“Blood and Honor Croatia is not a Neo-Nazi organization. We do not praise the Ustasha’s or anyone else’s crimes. Blood and Honor Croatia do not praise Adolf Hitler, Third Reich or the Ustasha movement. That’s a part of our history and unlike our mainstream politicians we face the future. Our activities are fully in accordance with the laws of the Republic of Croatia. (…) The society (they mean on B&H – author's remark) is divided into several divisions across Croatia and we are openly lobbying against chauvinism, globalization, uncontrolled immigration, and any other action that we believe is harmful to our nation.”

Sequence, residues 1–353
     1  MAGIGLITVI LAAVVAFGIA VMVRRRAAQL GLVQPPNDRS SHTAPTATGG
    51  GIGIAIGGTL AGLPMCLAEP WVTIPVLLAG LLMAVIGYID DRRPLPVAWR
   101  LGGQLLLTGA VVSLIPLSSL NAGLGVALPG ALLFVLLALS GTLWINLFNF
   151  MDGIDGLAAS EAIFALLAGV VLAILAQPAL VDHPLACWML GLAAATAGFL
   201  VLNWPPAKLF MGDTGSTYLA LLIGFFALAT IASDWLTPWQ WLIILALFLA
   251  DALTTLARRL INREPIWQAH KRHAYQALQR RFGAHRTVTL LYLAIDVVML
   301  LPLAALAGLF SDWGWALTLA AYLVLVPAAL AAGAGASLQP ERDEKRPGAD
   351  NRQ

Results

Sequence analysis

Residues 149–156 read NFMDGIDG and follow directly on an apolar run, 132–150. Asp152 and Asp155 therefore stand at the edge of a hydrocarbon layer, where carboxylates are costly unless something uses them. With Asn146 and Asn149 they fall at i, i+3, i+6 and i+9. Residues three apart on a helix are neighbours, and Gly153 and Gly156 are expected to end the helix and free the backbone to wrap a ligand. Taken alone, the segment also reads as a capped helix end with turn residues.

Croatian Blood & Honor had four divisions: Crusader from Rijeka, Division Pula, Division Zagreb and Division Osijek. The biggest of all these divisions was the one in Zagreb, but the strongest one was the one in Rijeka. B&H in Croatia wasn't a big organization and their membership was up to few dozen. Their official webzine was called “Crusader webzine“, but there were few more zines: “Provokacija” from Pula and “SH-ZG fanzin za skinhead kulturu”. “Provokacija” was the first Neo-Nazi skinhead fanzine in Croatia. In the first number it had articles about Screwdriver and Rudolf Hess march. Pula’s skinheads also organized the first Neo-Nazi concert in Croatia. The band that played that night was Civico 88 RAC - a band from Italy. According to my knowledge, “SH-ZG…” fanzine had two issues. On the cover of the first one there was a photo of Rudolf Hess and on the front page of the second one there was a photo of Jure Francetic. On March 23rd of 2004 the police arrested 3 skinheads who were editing “SH-ZG…” fanzine. They were released without any charges. Two of them had criminal records because of their violent behavior. B&H also tried to organize a concert in Osijek. Regarding their international connections, they remained to have good communication with B&H section from Slovenia, but they developed deep connection with a Hungarian section, and it is somewhat strange since the Hungarian Neo-Nazis want “Great Hungary” that would consist of two regions of Croatia: Medimurje and Baranja. Croatian B&H remained in bad (or no) relationship with Serbian B&H.